The revisions process during the run up to exams can be stressful as any family with teens will well know but, sitting the exams themselves can also cause nerves to spike. As parents, it’s natural to want to do all you can to keep stress levels down and take extra steps to ensure worries and pressure doesn’t get the best of students during exam season.
However, the head of Cambridge Assessments, which runs OCR and Cambridge exam boards has said this week that it’s “good” to have high stress moments in exams and throughout the academic career because it helps to prepare youngsters for life after secondary school.
With many GCSE courses and A-level results now highly depending on exam results rather than course week, the pressure on students to do well at the critical final exam has increased in recent years.
Speaking exclusively to TES, Cambridge Assessments head, Saul Nassee was quoted as saying, “Personally I think that it’s good to have high stress moments in education, because life has high stress moments in it,” he said. “In some ways that just prepares people for what their life is going to be like.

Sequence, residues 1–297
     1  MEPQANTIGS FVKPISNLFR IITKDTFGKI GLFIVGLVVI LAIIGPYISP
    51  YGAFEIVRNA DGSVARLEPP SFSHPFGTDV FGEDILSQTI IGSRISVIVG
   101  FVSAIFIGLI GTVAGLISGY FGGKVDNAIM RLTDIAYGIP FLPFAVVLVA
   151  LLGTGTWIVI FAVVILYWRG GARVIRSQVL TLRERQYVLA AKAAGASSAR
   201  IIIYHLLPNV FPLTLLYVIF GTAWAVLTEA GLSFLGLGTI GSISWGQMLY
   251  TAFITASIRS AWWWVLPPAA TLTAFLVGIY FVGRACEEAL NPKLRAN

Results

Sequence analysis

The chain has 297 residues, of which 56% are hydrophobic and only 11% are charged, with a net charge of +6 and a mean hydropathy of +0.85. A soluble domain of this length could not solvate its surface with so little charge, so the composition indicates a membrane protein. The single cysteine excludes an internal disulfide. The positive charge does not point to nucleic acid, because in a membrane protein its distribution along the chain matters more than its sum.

“As long as you’ve got the support from the school environment, the support from parents, I don’t think exams are intrinsically a stressful and a bad thing.”
What to do if exam stress is impacting on your child’s mental health
Of course, while it is true that exam stress is part and parcel of the education process and certainly something that most will have to deal with at one time or another after leaving school and entering the world of work, too much stress unmanaged can have health implications, not to mention put your child’s final grade at risk.
Where some people thrive under pressure, knowing that their course grade depends on the outcome of the final exam can be overwhelming for some students and mean that their exam performance suffers as a result.
If your child is feeling stressed and anxious about their end of year exams or doesn’t feel confident that they will perform their best in the high-pressure environment, taking steps such as sitting mock exams and completing past papers can remove some of the fear of the unknown. Past papers can also be useful for identifying holes in knowledge, which can help to build confidence and leave students feeling like they’ve truly covered the subject as best as they are able.
Other tips such as a learning a few breathing exercises to stave off anxiety and studying in groups for moral support during the revision process can also be useful.